Our tax preparation specialists tell you all about your responsibilities if you are a subcontractor under the Construction Industry Scheme (CIS)

At DSR Tax Claims Ltd, we know that knowing your rights and responsibilities as a CIS subcontractor can be a tricky task. That’s why our experts want to help make life as easy as possible for you by sharing our specialist knowledge with you. So, whether you are wanting more information about VAT or need to know about charitable tax relief, our handy guides are here to help. All our information is based on HMRC sources, so you can rest assured that these guides are filled with helpful and accurate information.

What is a CIS Subcontractor?

If you work in the construction industry and work for a contractor, you should register for the CIS (Construction Industry Scheme) if any of the following apply to you:

If you are registered as a subcontractor under the CIS, your contractor must deduct 20% from your subcontractor payments to pass to HMRC. These deductions go towards advance payment of your income tax and National Insurance bill.

You don’t have to register for the CIS, but if you don’t, contractors must deduct 30% from your payments instead of 20%.

If you decide that you don’t want contractors making deductions for HMRC on your behalf, you can apply for gross payment status – you do this when you register for CIS. If you have gross payment status you are responsible for paying your own income tax and National Insurance at the end of the tax year.

How do you register as a CIS subcontractor?

If you want to register for the CIS, you will need the following information:

  • Your National Insurance number
  • Your legal business name (you can also give your trading name if it is different to your legal business name)
  • The UTR (unique taxpayer reference) for your business
  • If you are VAT registered, you will also need your VAT registration number.

If you act as both a subcontractor and a contractor, you will need to register as both under the Construction Industry Scheme.

Registering as a sole trader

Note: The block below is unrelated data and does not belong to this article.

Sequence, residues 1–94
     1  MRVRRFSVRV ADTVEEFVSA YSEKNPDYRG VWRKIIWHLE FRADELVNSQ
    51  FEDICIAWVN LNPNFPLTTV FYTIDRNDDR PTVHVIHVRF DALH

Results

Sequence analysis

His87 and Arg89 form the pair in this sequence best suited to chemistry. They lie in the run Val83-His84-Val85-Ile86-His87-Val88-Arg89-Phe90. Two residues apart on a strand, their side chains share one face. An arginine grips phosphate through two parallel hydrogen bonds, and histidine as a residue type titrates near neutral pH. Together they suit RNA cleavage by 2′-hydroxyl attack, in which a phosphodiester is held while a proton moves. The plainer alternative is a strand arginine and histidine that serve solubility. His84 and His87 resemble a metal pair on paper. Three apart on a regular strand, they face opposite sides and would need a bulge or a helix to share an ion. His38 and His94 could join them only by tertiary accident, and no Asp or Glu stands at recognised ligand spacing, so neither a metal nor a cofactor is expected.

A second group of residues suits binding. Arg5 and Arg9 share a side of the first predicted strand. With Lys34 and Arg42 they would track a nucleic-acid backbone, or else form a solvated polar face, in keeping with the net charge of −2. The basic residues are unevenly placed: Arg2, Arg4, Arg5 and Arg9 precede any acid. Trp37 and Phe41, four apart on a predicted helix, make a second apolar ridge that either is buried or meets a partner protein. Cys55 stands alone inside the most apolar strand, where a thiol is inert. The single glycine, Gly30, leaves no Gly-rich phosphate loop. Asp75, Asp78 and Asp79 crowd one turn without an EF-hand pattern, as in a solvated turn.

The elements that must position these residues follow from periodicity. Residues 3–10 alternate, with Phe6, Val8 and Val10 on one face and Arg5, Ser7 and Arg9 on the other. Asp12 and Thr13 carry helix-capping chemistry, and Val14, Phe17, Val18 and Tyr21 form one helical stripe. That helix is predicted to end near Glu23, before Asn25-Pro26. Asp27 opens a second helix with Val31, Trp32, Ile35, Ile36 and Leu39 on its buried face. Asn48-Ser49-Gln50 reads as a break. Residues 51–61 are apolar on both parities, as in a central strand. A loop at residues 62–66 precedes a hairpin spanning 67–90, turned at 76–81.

If you operate as a sole trader and already have your UTR from HMRC, you can register online. You will need your Government Gateway user ID and password – if you have ever registered for a government service such as Self Assessment, you will have these already.

If you want to register for gross payment status, you can do so at the same time.

If you don’t already have a UTR you can register as a new business for Self Assessment and HMRC will send you your UTR in the post. When registering, select the option ‘working as a subcontractor’ when prompted and you will be registered for Self Assessment and CIS at the same time.

If you prefer, you can also call and register with the CIS helpline on 0300 200 3210. Lines are open between 8am and 8pm, Monday to Friday and 8am to 4pm on Saturdays. You will need your UTR or National Insurance number to hand when you call.

Registering a different business type

If you want to register a limited company or a partnership as a CIS subcontractor, there is an online form which you need to fill in. If you are registering a partnership, HMRC will register this separately to your sole trader registration. You will need to provide your partnership UTR and trading name.

Registering if you are based abroad

If you are a subcontractor who is based abroad but does construction work in the UK, you should still register for the CIS. How you will register will depend on the nature of your business set up. Sole traders and partnerships register in the same way those based in the UK but it is slightly more complicated for limited companies based abroad and you will need a tax clearance certificate from your home country’s tax authority.

How do you get paid as a subcontractor?

To make sure you are paid correctly by your contractor, you need to give them the same business name or trading name that you gave when you registered for the CIS. If you don’t give them the exact same name, it could affect how much you get paid because if your contractor can’t verify you as a CIS subcontractor, they will need to make deductions at 30% instead of 20%

The deduction rates are usually 20% – this is the standard rate of CIS deductions. Contractors will have to make deductions at the higher rate of 30% if any of the following apply:

  • They can’t verify you as a registered CIS subcontractor
  • You aren’t registered as a subcontractor under the CIS
  • You have given them the wrong name for your business.

Your contractor should give you monthly statements showing how much you have been paid and how much they have made in deductions. They need to provide these statements by law. You can use these statements to calculate your tax bill at the end of the tax year and work out whether you still owe any tax or National Insurance or whether you are due a tax refund.